Numerous factors affect the decision to start smoking or use other tobacco products, including some individual characteristics, such as stress and low self-esteem, but also social characteristics, such as having friends and family who smoke. Tobacco industry targeting commences early, as tobacco addiction starts early in the developmental period, with over 90% of adult tobacco users having started smoking prior to age 18. Adolescents who lack college plans or whose parents are not college educated are also more likely to smoke. Tobacco advertising can also foster smoking initiation. Nicotine products are highly addictive and smokers find that quitting after a period of regular use is difficult despite known health benefits to quitting.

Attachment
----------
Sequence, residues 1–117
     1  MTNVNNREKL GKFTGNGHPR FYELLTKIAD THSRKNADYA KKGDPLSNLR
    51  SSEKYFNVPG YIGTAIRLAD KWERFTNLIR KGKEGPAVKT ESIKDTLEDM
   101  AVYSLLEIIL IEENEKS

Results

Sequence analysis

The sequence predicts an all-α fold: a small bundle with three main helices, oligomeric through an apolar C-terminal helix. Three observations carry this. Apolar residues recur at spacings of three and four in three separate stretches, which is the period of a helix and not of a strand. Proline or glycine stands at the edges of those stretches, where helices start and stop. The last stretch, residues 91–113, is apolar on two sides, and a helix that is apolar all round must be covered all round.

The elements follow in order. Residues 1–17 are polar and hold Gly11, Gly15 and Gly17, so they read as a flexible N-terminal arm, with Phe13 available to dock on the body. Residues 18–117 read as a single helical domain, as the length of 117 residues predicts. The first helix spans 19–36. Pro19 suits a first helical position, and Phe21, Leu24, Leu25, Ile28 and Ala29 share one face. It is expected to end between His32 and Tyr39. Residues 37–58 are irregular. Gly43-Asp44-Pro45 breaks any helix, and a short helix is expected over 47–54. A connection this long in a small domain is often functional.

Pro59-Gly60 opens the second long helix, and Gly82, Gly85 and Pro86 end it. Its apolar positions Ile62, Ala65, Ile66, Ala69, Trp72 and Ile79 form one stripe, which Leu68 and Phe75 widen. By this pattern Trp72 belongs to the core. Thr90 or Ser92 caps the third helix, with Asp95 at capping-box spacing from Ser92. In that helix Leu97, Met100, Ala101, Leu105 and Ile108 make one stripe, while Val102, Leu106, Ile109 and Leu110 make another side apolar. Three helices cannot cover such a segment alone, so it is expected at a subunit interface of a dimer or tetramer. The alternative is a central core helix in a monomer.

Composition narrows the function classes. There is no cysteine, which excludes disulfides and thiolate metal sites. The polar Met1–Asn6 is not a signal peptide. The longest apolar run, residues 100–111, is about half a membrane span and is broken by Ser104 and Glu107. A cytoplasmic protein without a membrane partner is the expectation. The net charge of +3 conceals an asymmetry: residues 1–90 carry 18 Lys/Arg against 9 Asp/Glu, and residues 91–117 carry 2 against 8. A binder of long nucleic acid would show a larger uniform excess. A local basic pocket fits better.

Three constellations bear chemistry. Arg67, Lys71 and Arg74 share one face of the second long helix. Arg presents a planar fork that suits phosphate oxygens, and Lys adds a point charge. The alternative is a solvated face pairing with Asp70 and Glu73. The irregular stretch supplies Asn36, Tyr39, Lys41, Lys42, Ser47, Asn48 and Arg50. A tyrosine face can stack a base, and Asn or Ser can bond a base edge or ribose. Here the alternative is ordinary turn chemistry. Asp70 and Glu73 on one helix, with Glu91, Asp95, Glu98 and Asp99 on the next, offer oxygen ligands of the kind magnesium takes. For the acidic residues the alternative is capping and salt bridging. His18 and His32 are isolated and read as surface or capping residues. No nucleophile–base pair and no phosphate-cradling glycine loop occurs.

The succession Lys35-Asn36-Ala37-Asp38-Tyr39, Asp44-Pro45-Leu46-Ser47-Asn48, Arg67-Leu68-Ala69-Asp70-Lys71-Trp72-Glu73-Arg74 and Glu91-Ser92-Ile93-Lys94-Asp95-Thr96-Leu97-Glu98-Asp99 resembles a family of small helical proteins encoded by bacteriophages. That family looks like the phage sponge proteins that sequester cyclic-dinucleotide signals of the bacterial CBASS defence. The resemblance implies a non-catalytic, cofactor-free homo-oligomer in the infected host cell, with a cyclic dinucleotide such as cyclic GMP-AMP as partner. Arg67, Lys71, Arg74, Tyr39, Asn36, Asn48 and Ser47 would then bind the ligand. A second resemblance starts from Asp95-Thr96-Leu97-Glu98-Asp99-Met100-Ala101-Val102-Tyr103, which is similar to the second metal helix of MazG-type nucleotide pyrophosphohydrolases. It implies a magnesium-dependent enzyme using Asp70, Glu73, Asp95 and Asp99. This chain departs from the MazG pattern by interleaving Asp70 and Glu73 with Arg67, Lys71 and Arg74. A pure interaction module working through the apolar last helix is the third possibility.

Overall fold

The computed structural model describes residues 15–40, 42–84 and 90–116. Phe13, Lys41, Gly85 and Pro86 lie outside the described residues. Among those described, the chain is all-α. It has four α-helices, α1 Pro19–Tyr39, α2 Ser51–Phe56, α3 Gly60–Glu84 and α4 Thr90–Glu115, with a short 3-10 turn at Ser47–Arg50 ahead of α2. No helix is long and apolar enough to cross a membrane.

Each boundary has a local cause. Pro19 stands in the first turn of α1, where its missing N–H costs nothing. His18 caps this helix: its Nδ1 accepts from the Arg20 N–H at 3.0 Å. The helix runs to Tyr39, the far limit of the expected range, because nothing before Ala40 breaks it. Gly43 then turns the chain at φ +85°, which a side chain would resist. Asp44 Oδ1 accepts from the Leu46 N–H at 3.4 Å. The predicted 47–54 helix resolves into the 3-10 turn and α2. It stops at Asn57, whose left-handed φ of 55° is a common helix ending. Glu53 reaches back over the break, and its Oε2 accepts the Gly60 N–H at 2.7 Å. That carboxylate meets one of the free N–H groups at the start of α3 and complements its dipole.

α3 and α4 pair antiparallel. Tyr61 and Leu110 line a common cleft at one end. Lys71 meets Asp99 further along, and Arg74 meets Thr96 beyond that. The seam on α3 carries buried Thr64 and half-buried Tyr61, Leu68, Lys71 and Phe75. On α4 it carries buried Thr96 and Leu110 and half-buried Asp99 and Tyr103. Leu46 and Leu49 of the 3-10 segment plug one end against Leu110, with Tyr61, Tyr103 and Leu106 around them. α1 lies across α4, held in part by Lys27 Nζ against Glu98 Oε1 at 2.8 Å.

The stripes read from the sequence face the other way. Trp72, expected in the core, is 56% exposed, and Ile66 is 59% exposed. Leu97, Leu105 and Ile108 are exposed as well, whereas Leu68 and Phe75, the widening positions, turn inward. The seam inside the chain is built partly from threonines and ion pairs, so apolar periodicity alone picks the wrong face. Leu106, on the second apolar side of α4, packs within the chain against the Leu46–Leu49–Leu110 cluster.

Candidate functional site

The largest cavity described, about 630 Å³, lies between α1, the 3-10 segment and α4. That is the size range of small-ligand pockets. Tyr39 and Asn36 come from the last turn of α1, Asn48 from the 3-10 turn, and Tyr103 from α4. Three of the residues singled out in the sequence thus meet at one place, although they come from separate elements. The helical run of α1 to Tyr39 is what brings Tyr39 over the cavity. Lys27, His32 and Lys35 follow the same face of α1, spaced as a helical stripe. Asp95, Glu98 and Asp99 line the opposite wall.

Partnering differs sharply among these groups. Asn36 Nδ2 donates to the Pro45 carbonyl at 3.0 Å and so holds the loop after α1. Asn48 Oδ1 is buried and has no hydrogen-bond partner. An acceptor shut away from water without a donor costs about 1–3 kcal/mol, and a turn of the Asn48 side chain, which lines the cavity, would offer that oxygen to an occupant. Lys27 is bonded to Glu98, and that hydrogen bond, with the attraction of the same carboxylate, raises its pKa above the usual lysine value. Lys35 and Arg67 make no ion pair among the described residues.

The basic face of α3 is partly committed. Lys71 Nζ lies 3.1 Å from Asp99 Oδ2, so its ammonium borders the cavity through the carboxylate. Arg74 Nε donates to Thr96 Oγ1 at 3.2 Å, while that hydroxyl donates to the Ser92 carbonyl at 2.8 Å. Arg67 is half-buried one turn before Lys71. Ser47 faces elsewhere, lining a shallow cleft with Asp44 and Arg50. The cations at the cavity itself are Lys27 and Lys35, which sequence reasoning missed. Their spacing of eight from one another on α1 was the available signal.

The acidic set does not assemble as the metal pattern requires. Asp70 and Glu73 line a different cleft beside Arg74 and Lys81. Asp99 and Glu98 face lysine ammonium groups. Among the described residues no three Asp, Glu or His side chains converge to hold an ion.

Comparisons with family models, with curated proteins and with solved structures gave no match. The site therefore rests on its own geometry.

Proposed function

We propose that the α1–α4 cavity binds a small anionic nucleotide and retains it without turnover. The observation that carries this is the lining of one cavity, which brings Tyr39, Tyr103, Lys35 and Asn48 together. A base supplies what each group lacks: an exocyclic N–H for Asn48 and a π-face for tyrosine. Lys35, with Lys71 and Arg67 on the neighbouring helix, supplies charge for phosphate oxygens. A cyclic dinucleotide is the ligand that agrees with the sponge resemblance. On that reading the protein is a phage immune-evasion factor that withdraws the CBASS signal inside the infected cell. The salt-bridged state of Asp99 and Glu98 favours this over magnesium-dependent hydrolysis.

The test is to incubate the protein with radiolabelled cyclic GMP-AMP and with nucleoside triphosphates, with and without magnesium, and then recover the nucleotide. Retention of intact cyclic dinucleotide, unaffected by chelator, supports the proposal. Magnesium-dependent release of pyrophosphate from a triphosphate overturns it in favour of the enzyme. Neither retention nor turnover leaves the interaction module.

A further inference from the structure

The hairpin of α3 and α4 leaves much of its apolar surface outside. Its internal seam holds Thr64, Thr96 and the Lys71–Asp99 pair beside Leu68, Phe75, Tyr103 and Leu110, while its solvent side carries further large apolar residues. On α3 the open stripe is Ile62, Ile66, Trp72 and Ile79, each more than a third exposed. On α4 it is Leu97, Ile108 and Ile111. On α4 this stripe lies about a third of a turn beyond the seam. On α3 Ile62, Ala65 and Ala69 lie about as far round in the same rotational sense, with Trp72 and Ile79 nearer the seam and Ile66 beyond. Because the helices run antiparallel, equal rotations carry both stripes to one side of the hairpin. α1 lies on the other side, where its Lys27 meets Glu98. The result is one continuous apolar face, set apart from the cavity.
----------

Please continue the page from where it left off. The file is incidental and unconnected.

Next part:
Tobacco products have been heavily marketed and targeted to some of the most vulnerable communities in San Francisco. This includes African-American, LGBT, lower income, and homeless populations. The sale and use of these products has been normalized for generations, leading to mass addiction. Despite being the only known product that if used as directed on the label is known to cause disease and death, tobacco is still sold in many locations and continues to contribute to considerable death and disability. Tobacco product marketing and the resulting use is a major source of health inequity in the country and in San Francisco. Use of tobacco products among Californians is associated with uninsurance and underinsurance, lower educational attainment, poverty, and among men from communities of color.